(Soundbite of song, "The Lark")

Ms. ANDERSON: (Speaking) And this is the beginning of memory, because before this, no one could remember anything. They were just constantly flying in circles. Constantly flying in circles.

SIMON: You gave a concert for dogs in Sydney, I've read?

Ms. ANDERSON: I did. And when I was curating the Sydney Festival, called Vivid, I said how about a concert for dogs? And they said, yeah, why not? So I thought a couple hundred dogs would show up. Thousands of dogs showed up. Thousands, and it was one of the most purely joyful things I've ever done in my life. Because a lot of people say, you know, my dog likes classical music, but they say that about your kids too, just so they'll lie down on their towel and take a nap. But, you know, there were a bunch of rocker dogs there and they were like, I want to rock. And there a bunch of, in the front row, just droolers.

(Soundbite of laughter)

Ms. ANDERSON: You know, tongues hanging out and their eyes were crossed.

SIMON: Like big Saint Bernards or something?

Ms. ANDERSON: Yeah, like what am I doing here? What is this?

SIMON: Rrrrroohhhh...

Ms. ANDERSON: Yeah. And we were playing a bunch of very high frequency things. Although a couple of dog trainers said, listen, you really can't play stuff way up there. You dont know what's going to happen with a lot of dogs. So we did other things, music that had a bunch of rhythmic stuff in it, because just things that people and dogs do together anyway. Like when you walk your dog, you have to get into - you get into a rhythm with them - a musical kind of rhythm.

(Soundbite of dogs barking)

(Soundbite of applause)

SIMON: Last weekend you were Queen of the Coney Island Mermaid Parade.

Ms. ANDERSON: Yes, I was.

SIMON: And Lou Reed was King Neptune.

(Soundbite of laughter)

Ms. ANDERSON: Yes, he was.

SIMON: What was that like?

Ms. ANDERSON: And our dog was the mer-dog. She had her own huge banner of her playing the piano, which she does beautifully.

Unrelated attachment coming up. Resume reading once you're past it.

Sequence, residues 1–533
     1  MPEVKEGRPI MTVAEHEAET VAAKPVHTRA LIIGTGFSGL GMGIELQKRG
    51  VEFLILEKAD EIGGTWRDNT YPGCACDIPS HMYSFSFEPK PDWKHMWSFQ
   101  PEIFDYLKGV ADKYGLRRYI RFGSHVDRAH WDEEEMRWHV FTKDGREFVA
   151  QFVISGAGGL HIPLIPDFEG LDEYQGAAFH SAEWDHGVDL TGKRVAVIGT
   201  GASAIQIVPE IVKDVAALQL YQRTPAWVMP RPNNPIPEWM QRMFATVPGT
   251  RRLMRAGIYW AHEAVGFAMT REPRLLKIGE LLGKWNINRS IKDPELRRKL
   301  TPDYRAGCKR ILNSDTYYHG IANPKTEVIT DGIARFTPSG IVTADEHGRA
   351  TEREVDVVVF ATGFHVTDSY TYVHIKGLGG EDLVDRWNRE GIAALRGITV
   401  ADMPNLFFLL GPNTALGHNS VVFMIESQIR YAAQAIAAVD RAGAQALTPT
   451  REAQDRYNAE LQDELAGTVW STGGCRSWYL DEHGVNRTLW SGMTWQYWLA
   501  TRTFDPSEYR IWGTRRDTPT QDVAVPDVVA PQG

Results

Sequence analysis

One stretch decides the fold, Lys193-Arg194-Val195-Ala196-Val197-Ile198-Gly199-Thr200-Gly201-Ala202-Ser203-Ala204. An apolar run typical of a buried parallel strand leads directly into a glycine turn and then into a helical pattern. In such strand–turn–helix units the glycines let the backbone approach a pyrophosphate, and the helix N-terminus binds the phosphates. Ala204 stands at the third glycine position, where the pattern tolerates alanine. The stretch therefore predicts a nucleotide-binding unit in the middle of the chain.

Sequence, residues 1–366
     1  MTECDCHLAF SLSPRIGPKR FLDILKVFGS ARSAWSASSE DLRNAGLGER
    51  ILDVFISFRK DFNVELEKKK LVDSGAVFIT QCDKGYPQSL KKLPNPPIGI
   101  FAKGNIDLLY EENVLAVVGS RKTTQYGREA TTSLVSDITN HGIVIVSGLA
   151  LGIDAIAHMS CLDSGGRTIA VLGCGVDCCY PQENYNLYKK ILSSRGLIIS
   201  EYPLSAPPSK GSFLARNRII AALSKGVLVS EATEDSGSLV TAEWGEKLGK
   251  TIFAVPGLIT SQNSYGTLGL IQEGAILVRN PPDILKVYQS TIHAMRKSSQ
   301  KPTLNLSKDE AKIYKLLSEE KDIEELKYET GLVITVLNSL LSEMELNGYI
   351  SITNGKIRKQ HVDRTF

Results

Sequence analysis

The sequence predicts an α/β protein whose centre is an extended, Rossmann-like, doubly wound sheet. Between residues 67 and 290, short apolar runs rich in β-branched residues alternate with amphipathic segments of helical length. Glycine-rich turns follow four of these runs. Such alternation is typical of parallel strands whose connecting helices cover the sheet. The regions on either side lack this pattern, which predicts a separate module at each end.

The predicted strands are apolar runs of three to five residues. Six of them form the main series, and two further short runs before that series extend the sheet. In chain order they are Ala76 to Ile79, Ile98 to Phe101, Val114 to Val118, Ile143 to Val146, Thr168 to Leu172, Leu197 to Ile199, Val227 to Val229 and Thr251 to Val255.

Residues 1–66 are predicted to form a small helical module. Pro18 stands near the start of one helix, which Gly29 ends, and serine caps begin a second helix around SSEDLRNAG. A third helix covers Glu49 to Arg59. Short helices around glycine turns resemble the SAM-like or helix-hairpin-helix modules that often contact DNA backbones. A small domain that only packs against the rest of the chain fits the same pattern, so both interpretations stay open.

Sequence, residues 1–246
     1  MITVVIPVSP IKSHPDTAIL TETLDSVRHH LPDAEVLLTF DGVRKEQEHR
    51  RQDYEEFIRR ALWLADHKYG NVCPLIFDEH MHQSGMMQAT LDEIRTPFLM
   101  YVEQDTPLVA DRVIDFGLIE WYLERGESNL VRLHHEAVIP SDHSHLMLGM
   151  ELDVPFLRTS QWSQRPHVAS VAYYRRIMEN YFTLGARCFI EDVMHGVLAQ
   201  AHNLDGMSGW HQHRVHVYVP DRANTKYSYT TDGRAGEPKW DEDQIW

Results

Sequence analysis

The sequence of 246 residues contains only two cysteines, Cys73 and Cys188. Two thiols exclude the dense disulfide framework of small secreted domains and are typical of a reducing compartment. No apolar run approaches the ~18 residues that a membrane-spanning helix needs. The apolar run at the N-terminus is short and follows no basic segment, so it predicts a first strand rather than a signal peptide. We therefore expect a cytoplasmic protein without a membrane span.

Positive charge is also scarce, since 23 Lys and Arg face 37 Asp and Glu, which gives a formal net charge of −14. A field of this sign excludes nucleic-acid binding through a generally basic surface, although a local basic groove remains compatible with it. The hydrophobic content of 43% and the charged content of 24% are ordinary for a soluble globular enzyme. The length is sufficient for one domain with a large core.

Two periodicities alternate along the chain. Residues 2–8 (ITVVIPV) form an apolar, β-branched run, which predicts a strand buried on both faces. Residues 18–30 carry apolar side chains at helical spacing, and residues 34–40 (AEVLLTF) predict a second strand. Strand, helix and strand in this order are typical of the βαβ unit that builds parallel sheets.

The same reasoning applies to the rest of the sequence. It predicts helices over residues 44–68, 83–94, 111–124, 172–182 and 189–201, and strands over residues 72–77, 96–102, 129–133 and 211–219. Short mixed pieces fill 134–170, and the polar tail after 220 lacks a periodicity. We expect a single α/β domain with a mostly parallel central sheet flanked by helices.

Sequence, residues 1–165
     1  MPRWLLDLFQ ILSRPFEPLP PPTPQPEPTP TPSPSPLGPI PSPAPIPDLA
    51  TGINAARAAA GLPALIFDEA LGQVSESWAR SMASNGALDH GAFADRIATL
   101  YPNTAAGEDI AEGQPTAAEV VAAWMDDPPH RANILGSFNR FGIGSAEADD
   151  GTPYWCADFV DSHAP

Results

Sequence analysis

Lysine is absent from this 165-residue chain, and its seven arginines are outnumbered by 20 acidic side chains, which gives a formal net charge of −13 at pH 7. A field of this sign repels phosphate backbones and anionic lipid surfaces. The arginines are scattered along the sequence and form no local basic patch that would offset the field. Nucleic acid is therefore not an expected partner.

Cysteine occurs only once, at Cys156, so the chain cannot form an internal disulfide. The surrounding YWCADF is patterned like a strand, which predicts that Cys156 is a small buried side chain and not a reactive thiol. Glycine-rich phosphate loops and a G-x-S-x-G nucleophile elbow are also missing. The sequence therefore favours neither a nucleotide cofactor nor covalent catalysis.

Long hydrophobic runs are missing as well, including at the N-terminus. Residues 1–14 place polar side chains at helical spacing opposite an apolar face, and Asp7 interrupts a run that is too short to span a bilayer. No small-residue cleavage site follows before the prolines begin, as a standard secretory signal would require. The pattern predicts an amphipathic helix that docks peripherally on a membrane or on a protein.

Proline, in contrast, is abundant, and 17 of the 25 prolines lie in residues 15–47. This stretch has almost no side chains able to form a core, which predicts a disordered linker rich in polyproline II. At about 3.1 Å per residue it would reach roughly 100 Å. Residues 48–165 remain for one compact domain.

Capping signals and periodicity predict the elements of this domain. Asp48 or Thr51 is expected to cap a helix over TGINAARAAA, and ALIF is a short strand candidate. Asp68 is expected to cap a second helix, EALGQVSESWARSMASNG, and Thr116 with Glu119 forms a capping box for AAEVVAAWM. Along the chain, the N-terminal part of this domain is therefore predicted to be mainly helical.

SIMON: Plays the piano?

Ms. ANDERSON: Yes. She plays on the record. She plays on "Bodies in Motion." She plays a really aggressive solo at the end.

(Soundbite of song "Bodies in Motion")

SIMON: I would've guessed any dog of yours would be a gifted musician.

Ms. ANDERSON: Well, you know, she got cancer and went blind and so when she lost that and couldnt find her way around and couldnt identify anyone, we found someone and this person said, oh, I taught my dog to play the piano. And I said, teach Lolabelle. So she did. She's working on her Christmas record now.

(Soundbite of laughter)

Ms. ANDERSON: So you'll be hearing about that soon. It's really beautiful. It's so nice.

SIMON: Are you going to sing backup on Lolabelle's Christmas record? Or...

Ms. ANDERSON: I'm hoping to, yeah. But I dont think it really needs it. It's very beautiful.

SIMON: Well, Ms. Anderson, thanks so much.

Ms. ANDERSON: Youre welcome.

SIMON: Nice talking to you.

Ms. ANDERSON: It was a pleasure.

(Soundbite of music)

SIMON: You can hear Laurie Anderson's full album "Homeland" on our website, nprmusic.org. You can also hear answers to questions sent to us on Twitter and Facebook, including what's on her iPod.